The popularity of stool testing is on the rise. With companies claiming to be able to diagnose a possible treatable cause of your digestive symptoms, it only seems fair that you may be tempted.
But, are these stool tests actually accurate? And, are the results actually useful?
What CAN a Stool Test Show?
- Hook, Round or Tape Worms: these parasites can be easily transferred to humans from infested foods or surfaces. A stool test can be used to diagnose a hook worm infestation by looking for eggs in the stool.
- Blastocystis Hominis: these parasites are commonly found in those with an IBS diagnosis (1). Often this issue clears itself up over time but in some circumstances of continued symptoms, treatment is required (2).
- Dientamoeba Fragilis: this parasite is less common, with around 2% of IBS patients being shown to have it present (3). Medical treatment is required (4).
- Endolimax Nana: this parasite is thought to infect around 13% of the healthy population. It is not clear whether this parasite actually causes any symptoms or not and so may actually live in the gut without any problem (like many other microbes) (5).
- Entamoeba Coli: another microbe which causes no symptoms or problems in the gut.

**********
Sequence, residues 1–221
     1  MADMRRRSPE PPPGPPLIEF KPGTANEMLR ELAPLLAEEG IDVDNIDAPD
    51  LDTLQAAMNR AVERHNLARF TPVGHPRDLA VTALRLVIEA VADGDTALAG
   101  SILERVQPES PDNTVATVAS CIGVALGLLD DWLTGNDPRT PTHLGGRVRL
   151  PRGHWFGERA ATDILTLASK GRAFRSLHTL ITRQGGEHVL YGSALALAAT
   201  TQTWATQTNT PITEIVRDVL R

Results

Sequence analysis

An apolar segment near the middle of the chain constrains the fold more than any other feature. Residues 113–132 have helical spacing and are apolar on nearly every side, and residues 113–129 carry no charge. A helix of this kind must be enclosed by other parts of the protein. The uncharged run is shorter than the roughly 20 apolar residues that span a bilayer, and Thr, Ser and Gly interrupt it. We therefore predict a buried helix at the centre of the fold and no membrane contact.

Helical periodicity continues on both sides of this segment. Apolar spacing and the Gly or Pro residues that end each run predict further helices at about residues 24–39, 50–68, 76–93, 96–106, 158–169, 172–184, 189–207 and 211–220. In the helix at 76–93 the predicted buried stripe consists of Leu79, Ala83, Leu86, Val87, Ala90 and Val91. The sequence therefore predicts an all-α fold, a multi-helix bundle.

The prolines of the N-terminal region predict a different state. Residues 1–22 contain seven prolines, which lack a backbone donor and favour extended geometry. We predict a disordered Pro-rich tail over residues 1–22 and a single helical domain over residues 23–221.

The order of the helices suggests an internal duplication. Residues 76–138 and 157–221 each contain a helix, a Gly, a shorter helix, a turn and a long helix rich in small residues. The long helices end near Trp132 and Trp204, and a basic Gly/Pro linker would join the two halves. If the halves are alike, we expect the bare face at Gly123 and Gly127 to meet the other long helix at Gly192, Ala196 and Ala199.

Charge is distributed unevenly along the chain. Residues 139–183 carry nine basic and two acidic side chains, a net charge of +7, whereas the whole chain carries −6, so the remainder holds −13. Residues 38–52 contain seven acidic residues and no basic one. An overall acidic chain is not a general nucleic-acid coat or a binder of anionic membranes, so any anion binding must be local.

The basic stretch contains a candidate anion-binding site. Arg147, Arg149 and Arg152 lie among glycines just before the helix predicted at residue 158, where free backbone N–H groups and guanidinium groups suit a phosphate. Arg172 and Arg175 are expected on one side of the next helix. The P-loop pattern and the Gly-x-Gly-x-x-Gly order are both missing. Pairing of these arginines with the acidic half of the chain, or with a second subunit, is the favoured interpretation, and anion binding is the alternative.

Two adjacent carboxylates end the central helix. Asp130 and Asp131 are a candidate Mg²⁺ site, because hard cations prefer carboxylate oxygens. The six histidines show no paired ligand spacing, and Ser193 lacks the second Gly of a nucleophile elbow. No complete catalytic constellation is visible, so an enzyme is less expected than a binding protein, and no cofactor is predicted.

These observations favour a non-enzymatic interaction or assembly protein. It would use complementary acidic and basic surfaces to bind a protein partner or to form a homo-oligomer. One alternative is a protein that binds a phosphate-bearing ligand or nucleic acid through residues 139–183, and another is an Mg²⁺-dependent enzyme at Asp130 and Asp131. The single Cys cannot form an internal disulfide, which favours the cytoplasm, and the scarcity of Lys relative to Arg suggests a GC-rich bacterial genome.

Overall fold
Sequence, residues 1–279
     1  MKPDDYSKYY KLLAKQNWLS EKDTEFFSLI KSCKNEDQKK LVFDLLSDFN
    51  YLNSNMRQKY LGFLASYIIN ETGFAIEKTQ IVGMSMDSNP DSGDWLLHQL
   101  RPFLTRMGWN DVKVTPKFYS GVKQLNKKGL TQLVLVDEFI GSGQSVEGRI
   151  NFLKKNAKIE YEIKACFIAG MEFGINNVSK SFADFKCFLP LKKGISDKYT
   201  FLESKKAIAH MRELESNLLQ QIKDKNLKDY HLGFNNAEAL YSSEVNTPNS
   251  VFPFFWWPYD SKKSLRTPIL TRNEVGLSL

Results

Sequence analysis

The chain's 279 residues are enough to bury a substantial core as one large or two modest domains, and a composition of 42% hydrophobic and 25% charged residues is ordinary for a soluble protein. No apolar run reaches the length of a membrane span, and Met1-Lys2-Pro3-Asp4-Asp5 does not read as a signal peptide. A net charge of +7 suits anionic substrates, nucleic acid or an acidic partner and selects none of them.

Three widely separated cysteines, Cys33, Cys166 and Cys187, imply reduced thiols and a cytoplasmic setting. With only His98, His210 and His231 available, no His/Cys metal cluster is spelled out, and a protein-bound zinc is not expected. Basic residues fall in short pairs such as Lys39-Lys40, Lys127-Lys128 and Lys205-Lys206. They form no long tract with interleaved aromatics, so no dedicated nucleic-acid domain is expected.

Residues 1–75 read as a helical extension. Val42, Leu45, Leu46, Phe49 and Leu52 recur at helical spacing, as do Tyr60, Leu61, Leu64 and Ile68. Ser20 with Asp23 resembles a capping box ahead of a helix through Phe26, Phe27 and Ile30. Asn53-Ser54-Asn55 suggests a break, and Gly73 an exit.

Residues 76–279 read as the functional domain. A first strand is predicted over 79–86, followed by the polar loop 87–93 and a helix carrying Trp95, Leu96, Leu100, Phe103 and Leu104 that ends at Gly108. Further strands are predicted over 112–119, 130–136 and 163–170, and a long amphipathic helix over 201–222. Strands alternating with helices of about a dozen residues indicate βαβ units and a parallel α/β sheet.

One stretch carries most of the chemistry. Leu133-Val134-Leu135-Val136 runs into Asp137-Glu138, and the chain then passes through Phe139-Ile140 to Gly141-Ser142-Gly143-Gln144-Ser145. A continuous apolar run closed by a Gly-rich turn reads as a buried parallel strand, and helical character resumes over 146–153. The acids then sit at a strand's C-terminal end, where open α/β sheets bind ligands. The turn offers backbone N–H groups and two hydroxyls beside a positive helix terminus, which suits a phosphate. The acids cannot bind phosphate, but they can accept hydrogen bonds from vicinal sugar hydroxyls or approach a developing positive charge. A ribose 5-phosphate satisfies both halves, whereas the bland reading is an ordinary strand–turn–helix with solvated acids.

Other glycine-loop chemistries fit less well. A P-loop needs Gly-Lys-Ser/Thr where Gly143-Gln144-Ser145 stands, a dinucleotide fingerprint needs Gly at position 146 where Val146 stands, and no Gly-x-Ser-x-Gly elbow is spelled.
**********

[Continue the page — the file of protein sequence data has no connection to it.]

- Pentatrichomonas Hominis: this parasite is found in many animals, including humans where it can colonise the large bowel. However, it has only been shown affect 6% of children and 0% of adults (6).
Fungi / Yeast
- Geotrichum spp: a fungi found commonly in soil, water and air which can spread and cause disease in those who are immunocompromised e.g. those undergoing chemotherapy with a low white blood cell count (7).
- Microsporidium spp: a fungi which can cause a disease know as Microsporidiosis in those with an extremely weak immune system e.g. HIV positive. It is rarely seen in those with a healthy immune system (8).
- Trichosporon spp: a fungi which is usually only seen in individuals with a weakened immune system such as those with cancer (9)
- Elastase-1: otherwise known as faecal elastase, this test determines whether your body is producing enough pancreatic enzymes. A deficiency of pancreatic enzymes is both a symptom of pancreatitis and pancreatic cancer.
- Steatocrit: a measure used to look for steatorrhoea (fat the stool). This can occur in liver disease, pancreatic disease and bile salt malabsorption.
- Calprotectin: commonly used to identify a potential inflammatory bowel disease diagnosis. However, further testing under a gastroenterologist is required to make this diagnosis.
- Shigella and C.Difficile: Stool tests are commonly used to diagnose a number of bacterial infections.
What Does Stool Testing NOT Show?
small bowel bacterial overgrowth is common and often mis-diagnosed as IBS. However, the only test we currently have is hydrogen breath testing alongside a clinical history from a gastroenterologist. Stool tests only show types of bacteria, not if these are in a state of overgrowth or not.
candida overgrowth is rare condition and is usually only seen in those with a weekend immune system e.g. those going through chemotherapy or who have HIV. The only way to diagnose this is via a gastroscopy (camera down the throat).